This review may contain spoilers. I can handle the truth.
Nate Ridgeway’s review published on Letterboxd:
This review may contain spoilers.
Up until this point, I’d only seen Goldfinger and Spectre, so while I’m not a Bond nerd, I still understood enough from Spectre for No Time to Die to make sense.
I think I’m just going to break down the different elements that stuck out to me, starting with the good.
Firstly, it’s a Bond film, and I watched No Time to Die on the biggest screen I could find. This alone made the movie super fun. There’s always going to be that coolness factor from a Bond movie, and this shouldn’t go unnoticed or underrated.
I really liked the directing in this movie. Especially in the action sequences there is an intentionality that pays off, so that we never feel lost with close-ups but also are tight enough to really experience the action. This is a an absolute tightrope to walk, and No Time to Die walks it well.
The romance and heartbreak between Bond and Madeleine is actually really intense, I just wish there was more of it. After the intro when Bond puts Madeleine on the train, we get less than five minutes to experience the awkwardness, hurt, and hate between them. This is a conflict that could have been such a powerful layer for this story, but right after that five minutes of awkwardness they’ve reconciled and their conflict is gone, leaving the rest of the movie with nothing but pure action (oops, I stepped into the “bad” category already).
The pacing in this movie works really well. Of course, it has the cutthroat actions sequences and drama, but it also gives us moments to breathe and be introduced to new characters. This works incredibly well, so that the nearly three-hour-long runtime feels like maybe only a couple of hours… until we get to the third act.
From here on, I’ll be talking mainly about the bad.
As mentioned above, the entire third act felt like a mess of convoluted black ops, stretched to an unreasonable length of time for no other reason than to make the ending of the movie feel big and important. It sure does feel big, but so unimportant that I could have skipped a full half hour and checked back in for the last 10 minutes without missing anything noteworthy.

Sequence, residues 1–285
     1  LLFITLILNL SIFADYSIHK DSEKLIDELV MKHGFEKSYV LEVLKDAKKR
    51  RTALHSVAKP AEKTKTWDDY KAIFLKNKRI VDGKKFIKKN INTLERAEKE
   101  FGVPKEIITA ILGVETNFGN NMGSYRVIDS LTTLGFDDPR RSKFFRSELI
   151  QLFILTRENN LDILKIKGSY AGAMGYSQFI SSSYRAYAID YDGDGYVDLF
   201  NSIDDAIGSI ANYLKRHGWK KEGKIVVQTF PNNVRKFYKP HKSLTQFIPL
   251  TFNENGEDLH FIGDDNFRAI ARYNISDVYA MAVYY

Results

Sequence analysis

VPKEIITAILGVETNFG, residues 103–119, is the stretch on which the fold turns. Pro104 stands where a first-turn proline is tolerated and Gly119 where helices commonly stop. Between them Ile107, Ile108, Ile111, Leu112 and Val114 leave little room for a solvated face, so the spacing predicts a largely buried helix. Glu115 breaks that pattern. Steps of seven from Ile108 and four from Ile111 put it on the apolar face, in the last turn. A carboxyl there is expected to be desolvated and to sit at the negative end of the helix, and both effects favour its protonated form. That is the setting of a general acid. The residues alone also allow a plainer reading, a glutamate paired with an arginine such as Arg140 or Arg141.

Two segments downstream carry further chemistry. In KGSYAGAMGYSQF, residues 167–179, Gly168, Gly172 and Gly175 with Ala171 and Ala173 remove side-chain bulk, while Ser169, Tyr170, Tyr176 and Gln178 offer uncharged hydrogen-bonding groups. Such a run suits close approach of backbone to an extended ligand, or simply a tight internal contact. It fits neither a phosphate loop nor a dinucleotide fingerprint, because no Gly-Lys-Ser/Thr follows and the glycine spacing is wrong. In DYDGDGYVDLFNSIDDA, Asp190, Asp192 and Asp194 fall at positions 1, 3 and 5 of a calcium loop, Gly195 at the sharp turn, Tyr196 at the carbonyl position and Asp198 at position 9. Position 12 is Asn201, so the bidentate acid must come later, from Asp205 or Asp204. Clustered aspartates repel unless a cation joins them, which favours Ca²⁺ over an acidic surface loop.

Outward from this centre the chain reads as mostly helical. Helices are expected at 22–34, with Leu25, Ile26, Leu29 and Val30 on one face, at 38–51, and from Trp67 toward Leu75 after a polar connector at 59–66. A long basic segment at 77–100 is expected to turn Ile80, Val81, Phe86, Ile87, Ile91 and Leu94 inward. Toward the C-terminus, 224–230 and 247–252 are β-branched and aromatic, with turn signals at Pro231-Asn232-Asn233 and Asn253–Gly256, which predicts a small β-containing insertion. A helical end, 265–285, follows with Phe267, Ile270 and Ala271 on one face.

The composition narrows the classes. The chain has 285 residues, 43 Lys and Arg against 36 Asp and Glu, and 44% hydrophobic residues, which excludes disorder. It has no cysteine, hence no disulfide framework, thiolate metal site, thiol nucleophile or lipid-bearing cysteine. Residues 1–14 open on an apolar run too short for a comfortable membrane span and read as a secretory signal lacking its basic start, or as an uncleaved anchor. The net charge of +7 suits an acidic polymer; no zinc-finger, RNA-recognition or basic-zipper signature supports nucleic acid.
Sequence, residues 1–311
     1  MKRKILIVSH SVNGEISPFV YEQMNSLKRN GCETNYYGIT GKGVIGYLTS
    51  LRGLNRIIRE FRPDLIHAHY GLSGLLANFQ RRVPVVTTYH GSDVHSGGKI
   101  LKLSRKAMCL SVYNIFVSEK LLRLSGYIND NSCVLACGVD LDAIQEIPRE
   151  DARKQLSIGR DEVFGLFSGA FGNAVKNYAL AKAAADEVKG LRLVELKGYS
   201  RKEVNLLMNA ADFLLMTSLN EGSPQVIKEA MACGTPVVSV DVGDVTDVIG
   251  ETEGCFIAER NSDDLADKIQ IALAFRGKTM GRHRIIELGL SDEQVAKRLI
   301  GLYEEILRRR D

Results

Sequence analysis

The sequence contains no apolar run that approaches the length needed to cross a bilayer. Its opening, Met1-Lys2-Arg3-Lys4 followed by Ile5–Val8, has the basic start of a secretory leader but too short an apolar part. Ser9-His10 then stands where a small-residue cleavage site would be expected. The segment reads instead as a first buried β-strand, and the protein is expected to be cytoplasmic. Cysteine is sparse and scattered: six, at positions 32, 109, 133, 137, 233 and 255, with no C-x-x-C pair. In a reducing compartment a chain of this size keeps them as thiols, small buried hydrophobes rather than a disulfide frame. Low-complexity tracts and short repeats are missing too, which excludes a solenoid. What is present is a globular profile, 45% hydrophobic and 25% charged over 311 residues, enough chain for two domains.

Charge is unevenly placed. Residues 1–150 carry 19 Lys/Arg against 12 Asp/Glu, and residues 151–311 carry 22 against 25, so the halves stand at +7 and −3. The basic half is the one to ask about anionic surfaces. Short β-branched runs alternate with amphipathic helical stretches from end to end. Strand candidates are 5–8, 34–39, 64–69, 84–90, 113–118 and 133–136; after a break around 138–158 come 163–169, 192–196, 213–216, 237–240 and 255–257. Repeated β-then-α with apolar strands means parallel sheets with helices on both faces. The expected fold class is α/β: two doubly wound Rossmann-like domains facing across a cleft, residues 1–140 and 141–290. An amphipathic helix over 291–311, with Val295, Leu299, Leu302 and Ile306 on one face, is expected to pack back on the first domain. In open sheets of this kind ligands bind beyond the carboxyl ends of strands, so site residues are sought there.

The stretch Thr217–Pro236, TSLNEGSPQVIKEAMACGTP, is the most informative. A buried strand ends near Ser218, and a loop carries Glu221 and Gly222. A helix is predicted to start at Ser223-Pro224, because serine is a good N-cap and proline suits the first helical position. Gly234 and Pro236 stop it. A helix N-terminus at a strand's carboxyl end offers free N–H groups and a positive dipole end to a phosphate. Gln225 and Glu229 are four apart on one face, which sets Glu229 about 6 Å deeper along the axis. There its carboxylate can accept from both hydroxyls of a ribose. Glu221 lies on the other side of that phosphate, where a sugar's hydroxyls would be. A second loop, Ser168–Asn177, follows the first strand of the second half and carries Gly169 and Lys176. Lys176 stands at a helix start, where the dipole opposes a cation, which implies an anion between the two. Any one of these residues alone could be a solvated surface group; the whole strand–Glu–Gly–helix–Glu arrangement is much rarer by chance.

Part of what makes the third act so unbearable is the villain. We’re given a man who wants vengeance and is handed his vengeance in the opening scene. What is he still doing around later on? Did I miss something important? Why does he want to murder half the planet? Why is he angry at Bond? Why does he save Madeleine’s life just to scare her 30 years later? It makes no sense because Malek’s character is nothing more than a plot device. I repeat: this is not a character, this is a plot device. We’re not given any real insight to his real desires or wants. There’s a minor effort to create a “Thanos”—a villain who, in his own, twisted way, makes a lot of sense, and might genuinely make the world a better place if it wasn’t for immorality involved. The difference is, Thanos is given an entire movie for us to understand him, and therefore, fear him. Malek’s character is instead a line of dialogue for us to really “get” his mission, and it’s the same thing we’ve heard in a hundred movies before… “he’s not just targeting a few individuals, he’s trying to kill millions.” Why? It’s not like his feelings are still hurt about his family, cause he got revenge for that already. The truth is, he doesn’t have a good reason, but the final Bond villain needed a big baddie, so why not bring in some “plot twist” that feels scary because he was part of Madeleine’s childhood? It just doesn’t work.
One final gripe. Hans Zimmer, dude, did you put any thought into this one whatsoever? Your score sounds like every other average piece of music for whatever generic action movie might be this week’s bro-film. Hopefully you’ve got something better in store for Dune, because all I could think during Bond’s death scene is how boring those strings were.
All in all, it’s still fun, even though the finale doesn’t work. Maybe I would have enjoyed it more had I seen the 3 Bond movies before Spectre.